Common ICD-10 Codes Used In Summer Season

Summer is in full swing. Schools is out, summer sports leagues are in action, and temperatures are nearing their annual peaks. Summer months are a great time to relax, but also increase the chance of a doctor visit for seasonal illnesses brought on by the warm climate. Below are the most common medical conditions associated with summer and their corresponding ICD-10 codes.

Common ICD-10 Codes Used In Summer Season

Temperatures have broken the 100-degree mark in half of the United States. The most common heat and sun related symptoms are:

  • Heat stroke – T67.0
  • Heat rash (Prickly Heat) – L74.0
  • Sunburn – L55.0
  • Dehydration – E86.0

It is important to avoid being outside in the direct sunlight for long periods of time during the heat of the day. Drink at least three liters of water and remember to use sunscreen when outside for extended amounts of time.

Many Americans take advantage of the summer months to vacation. The mild winter, warm spring and hot summer expose Americans to various insect and rodent-borne illnesses. Warmer weather causes bacteria to grow faster and outdoor cooking increases the risk of foodborne illness.

  • Valley Fever – A92.4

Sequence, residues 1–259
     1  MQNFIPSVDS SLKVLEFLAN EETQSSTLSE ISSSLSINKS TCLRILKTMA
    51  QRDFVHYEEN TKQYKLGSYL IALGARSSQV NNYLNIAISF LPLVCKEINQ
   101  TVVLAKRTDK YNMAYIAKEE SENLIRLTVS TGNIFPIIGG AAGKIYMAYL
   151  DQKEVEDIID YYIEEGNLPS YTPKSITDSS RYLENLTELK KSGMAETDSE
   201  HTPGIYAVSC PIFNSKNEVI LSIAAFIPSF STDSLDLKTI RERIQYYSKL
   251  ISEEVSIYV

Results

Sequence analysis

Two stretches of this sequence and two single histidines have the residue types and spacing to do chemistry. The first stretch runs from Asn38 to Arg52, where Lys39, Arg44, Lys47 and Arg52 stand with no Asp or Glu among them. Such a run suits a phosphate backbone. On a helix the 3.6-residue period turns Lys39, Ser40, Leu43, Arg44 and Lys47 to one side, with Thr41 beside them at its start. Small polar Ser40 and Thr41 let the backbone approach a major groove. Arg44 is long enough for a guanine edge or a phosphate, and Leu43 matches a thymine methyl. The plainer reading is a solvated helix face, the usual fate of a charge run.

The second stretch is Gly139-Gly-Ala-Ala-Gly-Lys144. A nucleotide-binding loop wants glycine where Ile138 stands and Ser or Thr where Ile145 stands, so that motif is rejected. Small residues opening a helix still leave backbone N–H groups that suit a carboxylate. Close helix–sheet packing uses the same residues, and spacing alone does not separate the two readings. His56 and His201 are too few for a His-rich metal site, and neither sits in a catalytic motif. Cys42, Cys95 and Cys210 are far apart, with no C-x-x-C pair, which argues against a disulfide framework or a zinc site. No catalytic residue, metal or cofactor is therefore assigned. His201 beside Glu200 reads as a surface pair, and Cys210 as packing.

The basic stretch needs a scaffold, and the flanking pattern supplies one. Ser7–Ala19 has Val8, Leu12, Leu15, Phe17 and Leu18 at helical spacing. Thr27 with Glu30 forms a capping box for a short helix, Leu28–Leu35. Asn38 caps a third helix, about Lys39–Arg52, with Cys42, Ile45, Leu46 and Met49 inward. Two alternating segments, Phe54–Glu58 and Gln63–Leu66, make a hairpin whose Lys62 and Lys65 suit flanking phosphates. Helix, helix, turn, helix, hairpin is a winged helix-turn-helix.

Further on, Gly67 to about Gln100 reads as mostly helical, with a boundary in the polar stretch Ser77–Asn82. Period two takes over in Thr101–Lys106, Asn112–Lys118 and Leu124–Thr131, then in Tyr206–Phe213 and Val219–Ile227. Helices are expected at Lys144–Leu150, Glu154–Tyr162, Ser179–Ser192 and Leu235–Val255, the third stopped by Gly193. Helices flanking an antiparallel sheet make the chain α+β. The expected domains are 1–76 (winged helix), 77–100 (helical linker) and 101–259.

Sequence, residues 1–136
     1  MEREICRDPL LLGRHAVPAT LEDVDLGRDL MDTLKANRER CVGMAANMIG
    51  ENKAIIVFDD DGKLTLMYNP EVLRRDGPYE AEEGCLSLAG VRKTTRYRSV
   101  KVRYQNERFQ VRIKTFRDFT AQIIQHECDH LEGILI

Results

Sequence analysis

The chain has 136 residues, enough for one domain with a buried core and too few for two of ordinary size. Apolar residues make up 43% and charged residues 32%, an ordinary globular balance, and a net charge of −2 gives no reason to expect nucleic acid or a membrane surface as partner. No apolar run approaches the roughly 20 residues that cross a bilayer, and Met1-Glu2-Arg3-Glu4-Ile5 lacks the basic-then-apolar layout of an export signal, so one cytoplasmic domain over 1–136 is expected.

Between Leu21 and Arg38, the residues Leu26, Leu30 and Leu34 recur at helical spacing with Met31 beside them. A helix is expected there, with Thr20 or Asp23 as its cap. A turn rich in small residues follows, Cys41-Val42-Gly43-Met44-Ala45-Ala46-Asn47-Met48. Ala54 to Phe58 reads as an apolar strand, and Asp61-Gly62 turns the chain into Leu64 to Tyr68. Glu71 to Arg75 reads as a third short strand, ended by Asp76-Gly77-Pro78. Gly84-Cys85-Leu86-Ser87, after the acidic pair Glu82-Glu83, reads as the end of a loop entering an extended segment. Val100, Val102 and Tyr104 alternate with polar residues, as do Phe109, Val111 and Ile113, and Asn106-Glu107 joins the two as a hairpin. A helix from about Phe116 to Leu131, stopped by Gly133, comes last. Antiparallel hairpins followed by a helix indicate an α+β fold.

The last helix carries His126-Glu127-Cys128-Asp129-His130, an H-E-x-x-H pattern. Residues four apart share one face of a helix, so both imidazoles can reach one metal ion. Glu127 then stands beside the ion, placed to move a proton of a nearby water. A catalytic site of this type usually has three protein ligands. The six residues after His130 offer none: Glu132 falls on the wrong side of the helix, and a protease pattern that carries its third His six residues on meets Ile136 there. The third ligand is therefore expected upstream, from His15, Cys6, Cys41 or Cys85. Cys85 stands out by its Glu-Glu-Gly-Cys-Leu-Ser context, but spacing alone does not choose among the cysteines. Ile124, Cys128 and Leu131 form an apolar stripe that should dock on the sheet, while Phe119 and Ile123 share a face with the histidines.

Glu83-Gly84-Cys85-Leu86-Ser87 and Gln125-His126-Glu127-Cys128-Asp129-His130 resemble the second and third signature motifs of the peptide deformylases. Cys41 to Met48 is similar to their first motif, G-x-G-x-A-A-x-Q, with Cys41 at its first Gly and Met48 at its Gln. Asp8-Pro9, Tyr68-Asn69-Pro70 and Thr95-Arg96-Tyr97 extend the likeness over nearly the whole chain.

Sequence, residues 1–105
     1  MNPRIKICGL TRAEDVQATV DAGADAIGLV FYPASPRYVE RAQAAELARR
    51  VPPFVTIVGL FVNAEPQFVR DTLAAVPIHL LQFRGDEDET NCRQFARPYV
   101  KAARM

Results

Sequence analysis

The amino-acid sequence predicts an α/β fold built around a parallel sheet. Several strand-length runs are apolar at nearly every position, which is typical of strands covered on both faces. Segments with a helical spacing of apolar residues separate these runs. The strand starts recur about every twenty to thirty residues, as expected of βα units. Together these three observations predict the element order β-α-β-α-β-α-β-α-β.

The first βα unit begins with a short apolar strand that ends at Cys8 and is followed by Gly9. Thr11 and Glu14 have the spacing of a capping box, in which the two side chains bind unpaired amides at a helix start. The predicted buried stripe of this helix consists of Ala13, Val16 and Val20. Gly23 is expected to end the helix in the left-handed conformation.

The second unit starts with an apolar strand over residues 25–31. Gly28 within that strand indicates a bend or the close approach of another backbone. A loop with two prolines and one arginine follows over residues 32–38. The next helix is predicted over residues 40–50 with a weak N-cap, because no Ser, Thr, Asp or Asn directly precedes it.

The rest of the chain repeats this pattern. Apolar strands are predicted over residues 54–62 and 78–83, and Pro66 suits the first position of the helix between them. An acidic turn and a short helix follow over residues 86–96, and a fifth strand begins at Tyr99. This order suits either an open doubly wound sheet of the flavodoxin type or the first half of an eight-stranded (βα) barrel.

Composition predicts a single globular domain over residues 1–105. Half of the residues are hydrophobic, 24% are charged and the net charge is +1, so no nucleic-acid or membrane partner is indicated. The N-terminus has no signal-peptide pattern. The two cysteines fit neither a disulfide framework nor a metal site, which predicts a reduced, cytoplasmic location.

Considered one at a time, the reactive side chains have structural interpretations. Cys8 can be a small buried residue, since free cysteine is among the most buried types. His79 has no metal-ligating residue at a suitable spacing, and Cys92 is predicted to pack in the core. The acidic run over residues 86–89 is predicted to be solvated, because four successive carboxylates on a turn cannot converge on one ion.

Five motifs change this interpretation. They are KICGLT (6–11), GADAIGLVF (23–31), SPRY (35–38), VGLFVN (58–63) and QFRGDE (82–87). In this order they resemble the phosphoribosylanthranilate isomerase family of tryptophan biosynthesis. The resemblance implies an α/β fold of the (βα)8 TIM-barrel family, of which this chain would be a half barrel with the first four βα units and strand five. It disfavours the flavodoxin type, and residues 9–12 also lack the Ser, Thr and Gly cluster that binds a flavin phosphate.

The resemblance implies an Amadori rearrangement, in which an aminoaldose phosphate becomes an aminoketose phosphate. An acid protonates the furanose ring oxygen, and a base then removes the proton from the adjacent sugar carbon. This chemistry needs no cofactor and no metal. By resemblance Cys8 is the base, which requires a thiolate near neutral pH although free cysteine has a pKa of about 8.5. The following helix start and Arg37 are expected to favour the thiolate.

• Lyme disease – A69.2
  • Food Borne Illness – A05.1
  • Summer Allergies – J30.2

Use bug spray to reduced insect bites that transmit disease and always check for ticks after being in wooded or grassy areas. Also, do not let food sit in the open air for more than two hours to avoid excessive bacterial growth. Take an allergy pill 30 minutes before going outside to minimize the effect of allergens.

The following infections are most common during the summer months and are seen most frequently with children. Vaccinations from your local doctor’s office can provide protection against these infections.

  • Chicken Pox – B01.0
  • Measles – B05.0
  • Mumps – B26.0

Find these ICD-10 codes and more by using this free ICD-10 code lookup tool. Simply enter the disease or symptom and the corresponding ICD-10 code will appear.

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